Quick—which one fruit most reminds you of summer?
Did you say watermelon? If you didn’t say watermelon, I suspect the beautiful photo gave it away. Anyway, if you did say watermelon, you’re not alone; I conducted an informal poll at a recent get-together, and every single person I asked (all 8 of them) said watermelon too.
I just returned from an overseas trip, spending 17 hours in the air and several more hours in airports. Since I’m always a coach-class traveler, I was reminded of how difficult it can be to find healthy food at a reasonable price when you’re flying.
Ditto for road trips: our family drove from Denver to Seattle last summer, and the wasteland of fast-food chains and truck-stop convenience stores clustered around interstate exits is downright depressing if you want a quick bite that’s not burgers, fries or rotisserie hot dogs.
The key, I’ve learned, is to prepare your own portable meals ahead of time. Travel, especially flying, can be draining, not to mention dehydrating. It’s important to choose foods that are high in protein and complex carbs, to maintain blood sugar levels – and to drink lots and lots of water. Those tiny plastic cups the airlines provide won’t suffice — bring your own water bottle and fill it from a concourse drinking fountain once you clear security.
With just a bit of preparation time, you can enjoy easy, energy-sustaining snacks that taste better and cost a lot less than most ‘food on the fly.’ If you’re traveling this holiday season, mix and match a selection of these easy snacks — no need to bother with a cooler or utensils; most items will last outside the fridge for a while, and most can be eaten right from your hand.
Although new research suggests that fewer people are dieting in America (yay!), many of us are still puzzled when it comes to figuring out how to achieve optimal health, longevity and vitality. As a culture we’ve been trained to look at what we put in our mouths as the main event — the food, the calories, the protein, the fat — but we’re not taught or encouraged to look at what comes out of our bodies.
We want to turn this perspective around with a bold (and obvious) statement: Everyone poops. Yep, everyone sits on the porcelain throne. You already know this, so let’s get right to the reason we’re bringing it up in the first place.
Waste = weight.
The number one weight loss secret that nobody really talks about is the fact that the extra poop sitting around in your colon is one of the main causes of excess weight. When you learn to rid your body of extra waste on a regular basis, weight loss and maintenance become effortless.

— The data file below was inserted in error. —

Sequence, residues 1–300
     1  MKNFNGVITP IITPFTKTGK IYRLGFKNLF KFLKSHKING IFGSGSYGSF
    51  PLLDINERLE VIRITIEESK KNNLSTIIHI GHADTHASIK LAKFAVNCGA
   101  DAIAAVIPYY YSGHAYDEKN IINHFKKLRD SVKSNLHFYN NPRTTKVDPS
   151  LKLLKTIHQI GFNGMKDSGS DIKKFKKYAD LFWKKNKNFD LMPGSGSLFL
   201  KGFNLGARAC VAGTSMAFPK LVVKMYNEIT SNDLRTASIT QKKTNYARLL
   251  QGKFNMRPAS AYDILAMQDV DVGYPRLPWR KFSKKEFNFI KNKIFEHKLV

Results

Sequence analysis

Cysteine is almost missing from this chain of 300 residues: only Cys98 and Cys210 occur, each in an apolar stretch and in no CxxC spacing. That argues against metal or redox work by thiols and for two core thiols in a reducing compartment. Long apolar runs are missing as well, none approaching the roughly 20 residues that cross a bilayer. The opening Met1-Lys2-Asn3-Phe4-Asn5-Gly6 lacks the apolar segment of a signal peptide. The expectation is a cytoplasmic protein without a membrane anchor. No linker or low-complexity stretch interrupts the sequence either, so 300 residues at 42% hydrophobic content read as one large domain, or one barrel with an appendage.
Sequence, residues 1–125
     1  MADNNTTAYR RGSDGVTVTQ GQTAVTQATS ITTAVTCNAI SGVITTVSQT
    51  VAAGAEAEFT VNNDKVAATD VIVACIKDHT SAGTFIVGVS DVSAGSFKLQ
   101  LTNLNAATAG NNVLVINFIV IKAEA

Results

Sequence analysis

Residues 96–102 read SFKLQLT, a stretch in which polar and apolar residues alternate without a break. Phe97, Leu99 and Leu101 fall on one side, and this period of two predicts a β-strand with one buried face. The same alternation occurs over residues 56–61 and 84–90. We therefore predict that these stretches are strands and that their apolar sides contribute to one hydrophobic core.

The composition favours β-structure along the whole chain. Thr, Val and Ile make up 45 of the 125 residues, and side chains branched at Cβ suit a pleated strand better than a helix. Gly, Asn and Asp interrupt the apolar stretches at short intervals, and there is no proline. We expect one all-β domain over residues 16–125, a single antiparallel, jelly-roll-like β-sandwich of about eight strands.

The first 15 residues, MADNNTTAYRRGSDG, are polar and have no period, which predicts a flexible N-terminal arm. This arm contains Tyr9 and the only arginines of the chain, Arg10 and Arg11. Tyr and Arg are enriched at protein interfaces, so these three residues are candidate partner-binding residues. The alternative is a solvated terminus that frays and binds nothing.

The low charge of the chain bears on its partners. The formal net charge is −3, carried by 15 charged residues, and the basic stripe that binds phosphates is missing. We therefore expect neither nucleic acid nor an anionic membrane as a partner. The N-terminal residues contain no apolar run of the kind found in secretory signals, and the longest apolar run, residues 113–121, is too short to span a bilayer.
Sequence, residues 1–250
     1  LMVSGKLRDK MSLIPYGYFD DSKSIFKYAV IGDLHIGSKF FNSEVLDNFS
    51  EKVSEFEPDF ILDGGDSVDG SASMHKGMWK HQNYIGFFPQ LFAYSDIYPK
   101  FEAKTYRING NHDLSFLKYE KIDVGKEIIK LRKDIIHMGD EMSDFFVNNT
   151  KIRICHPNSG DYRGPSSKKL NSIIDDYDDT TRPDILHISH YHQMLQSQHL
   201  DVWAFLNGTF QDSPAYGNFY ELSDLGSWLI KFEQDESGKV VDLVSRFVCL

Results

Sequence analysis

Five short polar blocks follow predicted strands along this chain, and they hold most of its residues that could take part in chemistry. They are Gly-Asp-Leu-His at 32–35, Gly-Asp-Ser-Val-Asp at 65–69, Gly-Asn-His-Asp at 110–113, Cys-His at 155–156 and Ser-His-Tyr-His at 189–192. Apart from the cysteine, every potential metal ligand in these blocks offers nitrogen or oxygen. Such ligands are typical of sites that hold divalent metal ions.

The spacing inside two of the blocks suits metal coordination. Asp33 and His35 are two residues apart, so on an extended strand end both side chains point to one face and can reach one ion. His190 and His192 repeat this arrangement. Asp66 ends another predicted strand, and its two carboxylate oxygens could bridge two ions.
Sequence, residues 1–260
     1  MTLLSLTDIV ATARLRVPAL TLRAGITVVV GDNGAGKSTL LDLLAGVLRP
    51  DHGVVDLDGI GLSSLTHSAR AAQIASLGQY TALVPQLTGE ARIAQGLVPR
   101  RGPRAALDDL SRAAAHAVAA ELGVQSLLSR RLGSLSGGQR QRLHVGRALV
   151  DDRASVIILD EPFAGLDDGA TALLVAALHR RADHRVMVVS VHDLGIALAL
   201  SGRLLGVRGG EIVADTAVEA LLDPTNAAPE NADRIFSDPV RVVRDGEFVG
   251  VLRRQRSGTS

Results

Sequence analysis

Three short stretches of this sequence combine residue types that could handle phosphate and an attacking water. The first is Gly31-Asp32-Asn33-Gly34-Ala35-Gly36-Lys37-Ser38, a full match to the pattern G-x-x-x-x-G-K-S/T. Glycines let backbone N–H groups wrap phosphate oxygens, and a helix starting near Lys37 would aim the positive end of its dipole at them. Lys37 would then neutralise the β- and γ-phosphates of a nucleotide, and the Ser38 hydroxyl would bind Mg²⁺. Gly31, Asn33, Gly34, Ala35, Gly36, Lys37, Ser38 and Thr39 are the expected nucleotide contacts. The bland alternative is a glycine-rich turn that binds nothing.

As Gaiam’s editorial team began working on our new detox guide, the thought hit us. We were already absorbed in the research — digging up the top detox tools, methods, tips and more. But what better way to fully immerse ourselves into the project than to actually do a cleanse? After all, we’d all felt we had been indulging a little too much in sugary and greasy foods. And what better time than summer to flush out the toxins from our bodies and feel lighter, cleaner and more radiant? We were inspired and opted to give it a go — a three-day cleanse of just raw fruits and veggies.
It’s not that my mind isn’t teeming with important thoughts. It is. I read literature. I watch documentaries. I bandy about intellectual ideas with my Ph.D.-waving friends.
But that doesn’t seem to stop my mind from obsessing about the little things.
For example, just this morning I was picking up a few things at the market. I noticed a bottle – from an eco-conscious company – of fruit and veggie wash.
Cold weather might not be the best motivator in terms of going out and exercising, but being stuck indoors is a great opportunity to get reacquainted with your kitchen and focus on healthy nutrition. Here are some suggestions for nourishing winter foods …
I’ve already written on the overuse of antibacterial products, but it is true that food prep is one area where we really do need to take precautions about bad bacteria. According to the National Food Safety Database, a fifth of all food-borne illnesses originate in the home, and the majority of people surveyed did not know even basic steps for keeping their food prep areas clean.